NATURAL GAS IN CHINA
China was one of the earliest countries that began using natural gas, but it has lagged behind developed countries since the mid 20th century. As it becomes the world's second largest economy, the production and consumption of natural gas has become an increasingly crucial component to China's growth and energy needs.
China's Natural Gas Reserves
China's proven natural gas reserves have grown by 500 billion cubic meters annually since 2000. Close to 766 billion m3 of natural gas was discovered in 2011, up 29.6% from the year before. It is projected that China's proven natural gas reserves will amount to six trillion m3 by the end of 2020.
China's Natural Gas Production
China's natural gas production has grown 15% annually since 2000 and has become one of the world's largest producers. It produced 101 billion m3 of natural gas in 2011, up 7.3% from the year before. It was the first time annual natural gas output cracked the 100 billion m3 mark. Xinjiang, Sichuan and Inner Mongolia are major producers. It is projected that China's annual natural gas production will peak at 170 billion m3 around 2015 and decline to 120-150 billion m3 by the end of 2020.
China's Natural gas Consumption
China's natural gas consumption rose 20% to over 130 billion m3 in 2011, fueled by demand from civilians and power plants but accounting for just 4.6% of aggregate energy consumption (versus 23.8% global average). China was the world's fourth largest natural gas consumer in 2011 after the US, Russia and Iran. During the five years through 2015, China's natural gas consumption is expected to increase by 20 billion m3 per year, and to total 230-260 billion m3 per year by the end of 2015, of which 35-40% is expected to be imported. By the end of 2015, natural gas pipelines in China are expected to total 40,000km and natural gas storage depots are expected to store 20 billion m3.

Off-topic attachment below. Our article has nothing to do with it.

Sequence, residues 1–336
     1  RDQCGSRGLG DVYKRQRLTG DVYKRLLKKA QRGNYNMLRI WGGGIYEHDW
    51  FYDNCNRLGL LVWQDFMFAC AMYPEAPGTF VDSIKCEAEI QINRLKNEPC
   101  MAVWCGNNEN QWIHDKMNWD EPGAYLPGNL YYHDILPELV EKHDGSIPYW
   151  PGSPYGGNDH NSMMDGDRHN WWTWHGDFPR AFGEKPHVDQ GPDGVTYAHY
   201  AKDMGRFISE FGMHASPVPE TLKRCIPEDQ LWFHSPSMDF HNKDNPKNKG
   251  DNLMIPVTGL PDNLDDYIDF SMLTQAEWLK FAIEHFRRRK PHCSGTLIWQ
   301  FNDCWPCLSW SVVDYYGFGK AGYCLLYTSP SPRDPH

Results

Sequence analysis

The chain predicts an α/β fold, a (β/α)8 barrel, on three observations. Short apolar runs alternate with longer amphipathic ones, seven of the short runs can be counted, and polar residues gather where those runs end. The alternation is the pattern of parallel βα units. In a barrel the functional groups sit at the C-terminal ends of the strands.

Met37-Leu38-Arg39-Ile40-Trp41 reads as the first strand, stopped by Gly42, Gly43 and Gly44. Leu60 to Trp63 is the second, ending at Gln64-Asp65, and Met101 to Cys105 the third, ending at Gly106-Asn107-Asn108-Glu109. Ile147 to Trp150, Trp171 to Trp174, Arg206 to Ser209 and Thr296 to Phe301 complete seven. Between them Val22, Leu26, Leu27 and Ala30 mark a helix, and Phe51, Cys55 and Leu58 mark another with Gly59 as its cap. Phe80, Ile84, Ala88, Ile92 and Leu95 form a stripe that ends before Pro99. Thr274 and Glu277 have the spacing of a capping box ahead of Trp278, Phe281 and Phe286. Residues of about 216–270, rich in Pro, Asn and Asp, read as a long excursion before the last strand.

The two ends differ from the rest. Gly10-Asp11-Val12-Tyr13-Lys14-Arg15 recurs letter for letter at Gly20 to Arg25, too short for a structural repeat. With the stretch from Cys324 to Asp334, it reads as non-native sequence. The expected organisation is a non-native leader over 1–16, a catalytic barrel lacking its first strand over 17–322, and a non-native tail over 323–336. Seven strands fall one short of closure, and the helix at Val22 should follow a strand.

Shale Gas In China
China is stepping up the development of shale gas as a substitute for conventional energy. The central government said in August 2012 that it will subsidize every m3 of shale gas developed by RMB0.4. Nationwide shale gas output is expected to reach 6.5 billion m3 over the five years through 2015. The volume of shale gas in China available for extracting is expected to hit one trillion m3 by 2020, when shale gas output is expected to account for 8-12% of all natural gas output.
Natural gas is generally underpriced in China as the resource is basically priced by the government. In late 2011, China allowed some provincial governments to set natural gas prices with upper limits to improve efficiency of the industry. China is working on the formulation of a nationwide pricing mechanism, including seasonally adjusted prices and a national natural gas exchange.